For innovation: Better questions, better answers

If you want to improve your, and your company’s strategic thinking and innovation capability, take some time to write down some questions about challenges you are facing.

Any time I talk with fellow innovators, a large part of the conversation revolves around “what questions are we not asking that will help us find out where to make a difference?”. Granted, as we move along the project we discover more questions that don’t have an answer.

For an innovator, this is great territory to be in. For a delivery-driven executive, on the other hand, this is the twilight zone!

Yet, if these executives really want innovation, then they should create a space for people to ask questions they would never think of asking.

Some companies have weekly Town Hall type meetings used to update employees on company activities, as well as get feedback from them. This is a tradition. But, what if we create another type of meeting where employees are given the chance to question what the company is doing?

A “Challenge the status quo day”. That could be enough to get people to loosen up 🙂

Why? What do we want to accomplish by letting others have a go at making decisions?

Because in traditional companies it is the leader who is looked upon for answers. But for most situations, this is flawed thinking. Work in the behavioral economics and decision bias domains suggests that every single decision-maker—no matter how senior—has flawed, less-than-rational decision processes. The unaided human brain is not that great a decision engine unless it has made the same decision many times and learned from its mistakes. This means that major decisions should rarely be made solely by the CEO or any other single individual. A variety of individuals should be consulted in decisions, with a systematic process for sampling their perspective.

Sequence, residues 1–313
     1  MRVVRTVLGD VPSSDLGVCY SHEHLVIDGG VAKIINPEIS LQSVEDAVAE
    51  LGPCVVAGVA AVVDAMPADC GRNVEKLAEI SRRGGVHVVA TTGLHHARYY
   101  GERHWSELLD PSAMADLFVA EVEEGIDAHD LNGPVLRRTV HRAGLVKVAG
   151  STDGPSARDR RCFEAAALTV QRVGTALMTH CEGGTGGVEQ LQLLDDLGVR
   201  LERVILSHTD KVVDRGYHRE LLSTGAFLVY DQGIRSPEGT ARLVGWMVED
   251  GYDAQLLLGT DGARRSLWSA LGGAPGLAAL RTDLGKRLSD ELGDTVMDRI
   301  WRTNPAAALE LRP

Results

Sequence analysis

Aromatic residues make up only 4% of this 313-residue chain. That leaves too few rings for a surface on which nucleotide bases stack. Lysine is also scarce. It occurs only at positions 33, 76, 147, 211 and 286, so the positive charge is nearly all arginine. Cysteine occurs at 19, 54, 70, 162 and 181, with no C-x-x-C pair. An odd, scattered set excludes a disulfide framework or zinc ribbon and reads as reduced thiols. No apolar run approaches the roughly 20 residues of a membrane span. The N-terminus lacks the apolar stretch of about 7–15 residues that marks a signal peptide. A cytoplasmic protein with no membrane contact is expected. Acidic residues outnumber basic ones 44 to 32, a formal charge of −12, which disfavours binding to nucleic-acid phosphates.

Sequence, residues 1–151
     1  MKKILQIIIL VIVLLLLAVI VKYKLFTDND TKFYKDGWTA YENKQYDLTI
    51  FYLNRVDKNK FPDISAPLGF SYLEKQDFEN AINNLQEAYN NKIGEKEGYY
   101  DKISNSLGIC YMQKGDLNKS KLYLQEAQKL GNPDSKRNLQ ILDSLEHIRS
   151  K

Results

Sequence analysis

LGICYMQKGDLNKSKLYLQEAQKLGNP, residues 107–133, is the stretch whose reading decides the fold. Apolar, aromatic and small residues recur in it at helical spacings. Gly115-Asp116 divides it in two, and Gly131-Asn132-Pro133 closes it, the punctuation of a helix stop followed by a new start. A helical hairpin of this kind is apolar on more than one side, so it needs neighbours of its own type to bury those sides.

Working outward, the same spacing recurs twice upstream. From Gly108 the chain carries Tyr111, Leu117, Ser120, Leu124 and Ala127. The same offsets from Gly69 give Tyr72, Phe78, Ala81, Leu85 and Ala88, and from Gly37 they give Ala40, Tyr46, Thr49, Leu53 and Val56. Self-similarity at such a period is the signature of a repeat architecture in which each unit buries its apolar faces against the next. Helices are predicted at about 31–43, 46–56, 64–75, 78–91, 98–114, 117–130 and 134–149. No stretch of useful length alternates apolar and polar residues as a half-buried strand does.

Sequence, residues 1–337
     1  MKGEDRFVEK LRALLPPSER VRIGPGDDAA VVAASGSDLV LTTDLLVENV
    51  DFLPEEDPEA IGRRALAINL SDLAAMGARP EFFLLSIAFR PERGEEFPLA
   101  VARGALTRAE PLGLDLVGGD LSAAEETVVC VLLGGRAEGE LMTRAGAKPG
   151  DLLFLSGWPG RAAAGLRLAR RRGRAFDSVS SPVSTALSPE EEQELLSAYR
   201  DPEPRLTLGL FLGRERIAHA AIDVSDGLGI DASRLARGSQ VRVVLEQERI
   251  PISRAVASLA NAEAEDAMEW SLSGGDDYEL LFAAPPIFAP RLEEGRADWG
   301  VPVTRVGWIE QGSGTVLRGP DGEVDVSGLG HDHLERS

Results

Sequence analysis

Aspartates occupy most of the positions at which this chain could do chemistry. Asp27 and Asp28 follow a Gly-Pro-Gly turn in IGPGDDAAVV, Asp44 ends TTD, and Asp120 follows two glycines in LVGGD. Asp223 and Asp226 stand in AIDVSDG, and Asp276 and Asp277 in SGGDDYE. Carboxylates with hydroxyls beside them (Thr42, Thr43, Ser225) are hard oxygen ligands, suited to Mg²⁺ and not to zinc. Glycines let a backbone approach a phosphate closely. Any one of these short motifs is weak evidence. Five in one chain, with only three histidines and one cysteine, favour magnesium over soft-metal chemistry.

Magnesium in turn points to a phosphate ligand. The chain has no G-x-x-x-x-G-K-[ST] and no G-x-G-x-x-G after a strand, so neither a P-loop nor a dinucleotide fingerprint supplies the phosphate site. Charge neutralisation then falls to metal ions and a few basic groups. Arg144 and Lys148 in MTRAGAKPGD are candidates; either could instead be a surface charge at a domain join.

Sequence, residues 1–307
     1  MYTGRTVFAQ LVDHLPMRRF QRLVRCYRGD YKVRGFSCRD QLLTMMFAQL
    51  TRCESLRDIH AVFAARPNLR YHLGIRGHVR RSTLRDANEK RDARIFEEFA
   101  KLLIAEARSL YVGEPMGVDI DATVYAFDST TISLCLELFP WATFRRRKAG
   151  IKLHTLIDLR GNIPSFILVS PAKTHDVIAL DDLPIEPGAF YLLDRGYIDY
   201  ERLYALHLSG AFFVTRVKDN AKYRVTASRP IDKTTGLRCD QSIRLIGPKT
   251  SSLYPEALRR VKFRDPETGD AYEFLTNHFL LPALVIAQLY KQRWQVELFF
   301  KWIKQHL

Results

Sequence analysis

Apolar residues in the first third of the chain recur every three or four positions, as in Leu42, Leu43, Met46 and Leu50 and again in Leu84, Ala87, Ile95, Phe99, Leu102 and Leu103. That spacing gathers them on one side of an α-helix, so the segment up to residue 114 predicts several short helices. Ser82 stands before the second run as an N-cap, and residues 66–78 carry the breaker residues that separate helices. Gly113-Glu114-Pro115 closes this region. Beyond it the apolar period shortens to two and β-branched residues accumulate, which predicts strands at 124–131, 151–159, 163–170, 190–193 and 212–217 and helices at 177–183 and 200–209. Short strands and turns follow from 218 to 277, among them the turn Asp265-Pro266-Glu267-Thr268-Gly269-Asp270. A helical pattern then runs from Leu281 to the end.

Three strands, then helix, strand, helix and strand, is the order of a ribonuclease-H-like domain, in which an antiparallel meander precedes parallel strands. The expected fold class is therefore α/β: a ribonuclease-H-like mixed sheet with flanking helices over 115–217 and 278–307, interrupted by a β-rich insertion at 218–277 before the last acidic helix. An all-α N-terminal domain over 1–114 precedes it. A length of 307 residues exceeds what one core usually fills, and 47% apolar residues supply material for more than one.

Great leaders lead with questions, not with answers. With that said, if you want better strategic thinkers in your organization, not to mention innovators, then questioning is where it starts.

Greater challenges ahead for those who don’t ask questions

Uncertainty is the norm, how do we cope with it? To start, we can anticipate and make peace with it. The next step is to consider what we don’t know yet by asking questions. For example, while we’ve been talking about social business for more than a few years, we’re just barely entering the mainstream of this trend.

But, most established companies have yet to consider what “social business” looks for them. The kicker is, most of the ones I’ve talked to, they think it’s about social media. This is wrong because they fail to consider the changes and opportunities social technologies create in the way companies hire, communicate, collaborate, execute and innovate.